Instead of 3.9 billion cubic meters (cubic meter) of gas, the cabinet wants to pump up a maximum of 7.6 billion cubic meters in 2022 in Groningen. This is partly because there is more demand for Germany.
Before 1 April, it will be announced exactly how much gas will be extracted in Groningen.
The news that more will be pumped up is causing a lot of controversy. In the area in Groningen where gas is extracted, residents have been suffering from earthquakes for some time, which, among other things, cause cracks in the walls of houses.
Pumping up more gas for Germany does not seem so obvious. But the Netherlands has been supplying natural gas to Germany for a long time and cannot simply stop doing so. “There are still long-term contracts, and we have to keep to commitments,” says Mary-Lou Grégoire, interim spokesperson for Gasunie, which manages and maintains the infrastructure for large-scale transport and storage of gas in the Netherlands and northern Germany.
High and low calorific gas
There are two types of natural gas: high calorific and low calorific. The difference is that low-calorific natural gas contains more nitrogen. That is also the natural gas that is extracted in the Netherlands. High-calorific gas comes from outside the Netherlands.
The natural gas that was supplied to Germany for decades and that German installations were set up for came from Groningen and was therefore low-calorific. The central heating boilers of Dutch consumers and parts of the industry in the Netherlands also run on low-calorific gas.
Convert to high calorific
According to energy expert Jilles van de Beukel, Germany is really doing its best to reduce its dependence on low-calorific gas. “That goes much faster than in the Netherlands, we have no complaints about the cooperation of the Germans,” he says.
It is technically possible to convert installations so that they can handle high-calorific gas. Some of that has already happened in Germany, but some of it has yet to happen.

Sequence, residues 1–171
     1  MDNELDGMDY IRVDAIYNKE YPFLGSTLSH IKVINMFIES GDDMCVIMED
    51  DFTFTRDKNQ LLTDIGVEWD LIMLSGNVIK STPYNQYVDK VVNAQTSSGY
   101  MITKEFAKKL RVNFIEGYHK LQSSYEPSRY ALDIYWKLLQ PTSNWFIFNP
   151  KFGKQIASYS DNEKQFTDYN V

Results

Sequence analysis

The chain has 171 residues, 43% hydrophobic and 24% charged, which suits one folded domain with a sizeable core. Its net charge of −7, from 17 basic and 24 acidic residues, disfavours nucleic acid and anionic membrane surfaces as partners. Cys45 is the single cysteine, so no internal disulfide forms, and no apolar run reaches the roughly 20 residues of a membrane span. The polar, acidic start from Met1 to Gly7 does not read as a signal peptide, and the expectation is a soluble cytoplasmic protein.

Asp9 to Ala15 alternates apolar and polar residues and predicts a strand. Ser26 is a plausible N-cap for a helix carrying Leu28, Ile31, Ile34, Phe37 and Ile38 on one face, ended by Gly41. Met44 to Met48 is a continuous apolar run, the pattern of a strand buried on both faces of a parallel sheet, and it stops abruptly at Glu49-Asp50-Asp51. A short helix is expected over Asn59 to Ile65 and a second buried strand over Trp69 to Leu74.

Demand from German consumers who still use low-calorific gas is now higher than expected. This is partly because energy savings are currently yielding even less than had been calculated.
Part of the gas that the Netherlands now supplies to Germany is still produced in our country, as in past decades.
We first import another part that we now supply to Germany. This is high-calorific gas. Nitrogen is then added to this, so that it becomes low-calorific gas, and it is then exported to, among others, Germany, says Van de Beukel.
Factory ready later
Such a new factory is now being built in Zuidbroek, Groningen, where nitrogen can be added to imported high-calorific gas, so that it becomes low-calorific. The problem is that the construction of that factory has been delayed. As a result, it will not be ready in the spring, but only in the course of the summer.
As a result, in order to fulfill contracts for delivery to Germany, it is necessary to fall back on the extraction of low-calorific gas in the Groningen field.
Especially more gas for the Netherlands
The fact that more needs to be pumped up there now is due in large part to the fact that we will need it in the Netherlands ourselves in the coming months. In addition, Groningen gas is needed to fill the underground storage in Grijpskerk (on the border of Groningen and Friesland) for next winter, so that we will also be warm in the winter of 2022/2023 in the Netherlands.
For the extra consumption in Germany, Groningen 1.1 billion cubic meters must be brought to the surface. But due to the delay in the construction of the factory in Zuidbroek, an additional 2 billion cubic meters must be pumped up for Dutch use and another 1.6 billion cubic meters to fill the stocks for next winter, the Ministry of Foreign Affairs estimates. Economics.